That evening we had a great night with no bleeding eardrums from the squealing opera singers, a food recommendation from the owner and generally some peace and quiet. The next day after a haircut and breakfast (totalling less than $5 for both) I headed back to the lake and sat in the shade and breeze feeding steamed bun to the koi. I have decided I really like fish. While I sat by the lake feeding fish Jill climbed the hill next to the lake to see yet another temple.

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The final thing that needs mentioning for this place was the pooch in the hostel. This dog looked deformed with a depressed brow and protruding skull cap…but was 100% self sufficient. They had attached pull handles on the doors so the dog could take itself in and out of everywhere it wanted. It had learned to open a normal door and it basically had free run of the place. It was a well natured mutt but with a very odd look about it.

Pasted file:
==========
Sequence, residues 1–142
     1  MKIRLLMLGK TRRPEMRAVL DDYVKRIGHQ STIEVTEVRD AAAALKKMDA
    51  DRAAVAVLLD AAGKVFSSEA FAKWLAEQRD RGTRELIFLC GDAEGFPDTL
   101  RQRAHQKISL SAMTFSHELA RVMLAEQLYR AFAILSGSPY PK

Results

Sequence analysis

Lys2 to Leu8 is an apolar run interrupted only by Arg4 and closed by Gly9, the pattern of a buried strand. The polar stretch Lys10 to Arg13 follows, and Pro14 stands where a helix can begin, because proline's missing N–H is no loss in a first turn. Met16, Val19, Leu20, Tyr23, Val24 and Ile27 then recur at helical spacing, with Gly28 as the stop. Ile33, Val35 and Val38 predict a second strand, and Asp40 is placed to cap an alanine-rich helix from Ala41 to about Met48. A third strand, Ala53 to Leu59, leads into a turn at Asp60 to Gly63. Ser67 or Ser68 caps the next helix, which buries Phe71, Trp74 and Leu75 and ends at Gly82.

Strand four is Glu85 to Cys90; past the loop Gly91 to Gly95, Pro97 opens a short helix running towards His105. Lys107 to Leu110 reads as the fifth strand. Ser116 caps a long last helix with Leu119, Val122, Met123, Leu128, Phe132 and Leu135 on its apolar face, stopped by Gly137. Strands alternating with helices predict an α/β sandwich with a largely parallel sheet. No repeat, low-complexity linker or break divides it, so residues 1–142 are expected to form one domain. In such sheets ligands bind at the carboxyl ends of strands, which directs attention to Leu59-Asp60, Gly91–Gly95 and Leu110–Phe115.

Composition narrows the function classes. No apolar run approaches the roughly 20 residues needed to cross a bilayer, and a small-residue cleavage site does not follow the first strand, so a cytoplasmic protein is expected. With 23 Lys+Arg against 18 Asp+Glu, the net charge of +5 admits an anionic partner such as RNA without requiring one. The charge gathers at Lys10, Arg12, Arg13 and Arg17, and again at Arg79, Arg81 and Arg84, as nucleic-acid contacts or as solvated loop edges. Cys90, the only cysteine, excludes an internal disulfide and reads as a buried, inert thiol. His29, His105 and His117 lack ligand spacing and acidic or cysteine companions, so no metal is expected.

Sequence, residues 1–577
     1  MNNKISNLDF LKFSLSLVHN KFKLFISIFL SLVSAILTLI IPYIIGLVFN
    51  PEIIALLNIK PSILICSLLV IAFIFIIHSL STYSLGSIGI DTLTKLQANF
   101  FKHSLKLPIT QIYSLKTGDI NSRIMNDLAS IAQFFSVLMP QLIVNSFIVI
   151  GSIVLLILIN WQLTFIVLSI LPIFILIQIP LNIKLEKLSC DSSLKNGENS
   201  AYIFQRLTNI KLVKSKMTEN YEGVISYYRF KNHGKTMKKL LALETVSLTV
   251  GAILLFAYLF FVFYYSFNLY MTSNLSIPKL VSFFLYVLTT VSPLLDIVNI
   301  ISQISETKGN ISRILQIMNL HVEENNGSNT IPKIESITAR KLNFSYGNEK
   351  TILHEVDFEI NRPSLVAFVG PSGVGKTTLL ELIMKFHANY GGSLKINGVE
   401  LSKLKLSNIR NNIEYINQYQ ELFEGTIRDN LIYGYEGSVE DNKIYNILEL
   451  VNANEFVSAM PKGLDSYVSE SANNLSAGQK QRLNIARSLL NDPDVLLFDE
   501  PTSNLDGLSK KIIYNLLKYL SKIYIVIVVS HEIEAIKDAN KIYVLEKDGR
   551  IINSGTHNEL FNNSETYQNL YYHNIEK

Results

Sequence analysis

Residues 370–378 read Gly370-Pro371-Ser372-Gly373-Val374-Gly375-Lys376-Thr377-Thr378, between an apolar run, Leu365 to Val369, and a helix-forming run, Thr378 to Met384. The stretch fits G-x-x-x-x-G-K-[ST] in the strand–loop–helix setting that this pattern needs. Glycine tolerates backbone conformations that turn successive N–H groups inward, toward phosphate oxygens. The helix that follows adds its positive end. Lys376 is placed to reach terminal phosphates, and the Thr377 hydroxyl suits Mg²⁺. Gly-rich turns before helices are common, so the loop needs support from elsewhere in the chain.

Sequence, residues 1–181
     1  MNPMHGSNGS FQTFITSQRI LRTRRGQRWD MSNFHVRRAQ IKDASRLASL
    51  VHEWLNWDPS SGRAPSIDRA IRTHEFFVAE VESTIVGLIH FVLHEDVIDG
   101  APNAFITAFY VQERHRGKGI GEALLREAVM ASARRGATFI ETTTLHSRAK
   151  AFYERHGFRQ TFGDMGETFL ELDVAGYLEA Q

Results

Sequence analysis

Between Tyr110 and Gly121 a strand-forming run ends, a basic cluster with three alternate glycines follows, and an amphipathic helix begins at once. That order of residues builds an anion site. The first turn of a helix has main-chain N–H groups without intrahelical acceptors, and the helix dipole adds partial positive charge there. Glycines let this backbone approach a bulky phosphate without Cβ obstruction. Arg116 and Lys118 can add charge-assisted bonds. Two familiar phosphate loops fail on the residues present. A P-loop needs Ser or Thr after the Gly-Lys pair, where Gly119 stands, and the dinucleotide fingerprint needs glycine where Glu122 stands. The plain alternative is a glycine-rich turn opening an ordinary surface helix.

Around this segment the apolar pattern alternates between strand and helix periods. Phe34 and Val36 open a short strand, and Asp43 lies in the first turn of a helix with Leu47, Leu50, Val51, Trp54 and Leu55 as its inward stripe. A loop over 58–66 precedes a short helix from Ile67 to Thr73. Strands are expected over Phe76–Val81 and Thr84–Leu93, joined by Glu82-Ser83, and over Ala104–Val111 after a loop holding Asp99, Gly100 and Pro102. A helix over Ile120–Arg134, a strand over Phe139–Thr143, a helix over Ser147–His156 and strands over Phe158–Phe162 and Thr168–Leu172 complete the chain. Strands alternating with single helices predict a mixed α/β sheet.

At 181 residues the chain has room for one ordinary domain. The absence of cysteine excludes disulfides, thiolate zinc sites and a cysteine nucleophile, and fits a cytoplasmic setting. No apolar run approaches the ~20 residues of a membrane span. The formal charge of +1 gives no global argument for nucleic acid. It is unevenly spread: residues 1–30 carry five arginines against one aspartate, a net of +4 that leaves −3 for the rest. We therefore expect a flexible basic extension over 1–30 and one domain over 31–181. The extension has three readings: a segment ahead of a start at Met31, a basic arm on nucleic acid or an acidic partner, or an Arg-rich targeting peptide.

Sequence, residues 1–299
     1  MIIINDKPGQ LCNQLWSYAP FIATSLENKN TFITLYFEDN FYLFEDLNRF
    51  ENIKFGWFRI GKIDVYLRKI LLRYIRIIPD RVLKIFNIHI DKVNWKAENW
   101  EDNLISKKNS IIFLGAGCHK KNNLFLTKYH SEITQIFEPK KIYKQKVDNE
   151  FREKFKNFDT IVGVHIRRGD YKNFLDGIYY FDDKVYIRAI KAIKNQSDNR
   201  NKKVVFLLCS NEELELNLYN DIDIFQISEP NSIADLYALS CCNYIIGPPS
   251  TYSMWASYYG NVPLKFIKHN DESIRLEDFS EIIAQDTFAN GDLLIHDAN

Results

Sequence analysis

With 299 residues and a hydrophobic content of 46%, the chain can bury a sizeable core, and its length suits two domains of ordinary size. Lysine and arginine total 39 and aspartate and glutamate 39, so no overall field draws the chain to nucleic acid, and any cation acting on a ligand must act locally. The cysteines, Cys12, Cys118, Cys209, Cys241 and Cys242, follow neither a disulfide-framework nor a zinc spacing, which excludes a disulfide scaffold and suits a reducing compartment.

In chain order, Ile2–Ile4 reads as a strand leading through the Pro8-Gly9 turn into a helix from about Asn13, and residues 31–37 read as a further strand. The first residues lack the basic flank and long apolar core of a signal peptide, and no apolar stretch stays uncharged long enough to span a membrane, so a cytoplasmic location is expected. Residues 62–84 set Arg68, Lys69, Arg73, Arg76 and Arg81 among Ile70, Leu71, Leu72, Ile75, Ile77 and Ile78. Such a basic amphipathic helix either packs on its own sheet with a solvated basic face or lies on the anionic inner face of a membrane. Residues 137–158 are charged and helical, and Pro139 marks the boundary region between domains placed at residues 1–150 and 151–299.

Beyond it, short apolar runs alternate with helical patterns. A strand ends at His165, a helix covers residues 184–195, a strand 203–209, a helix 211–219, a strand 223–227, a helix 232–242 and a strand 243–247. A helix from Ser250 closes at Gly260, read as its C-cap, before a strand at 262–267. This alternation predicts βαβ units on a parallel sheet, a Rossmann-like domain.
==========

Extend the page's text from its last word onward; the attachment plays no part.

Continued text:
We bussed it out in a much more civilised manner (despite the fact that my seat was broken and kept slowly reclining to the point of being horizontal if I or the bloke behind me would let it). But that was the only real issue the rest went the way it should with no dramas. We got off in Taiyuan only to find that the entire city is being renovated…and I mean the entire city. We decided that the wide streets, metros, parks, gardens etc are on a schedule and are rolled out in one big hit…and it was the turn of Taiyuan when we were there. We stopped to break the journey to Pingyao and to check out the Museum which was supposed to be pretty good.

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The museum was OK but without being startling and the city as a rule might have been OK but the construction at present has made the place quite poor. The one bit that saved the place was the night food market. It was made especially for the tourist and was priced accordingly…but the range of food was startling and we wandered the streets munching on a range of the fare on offer at the stalls.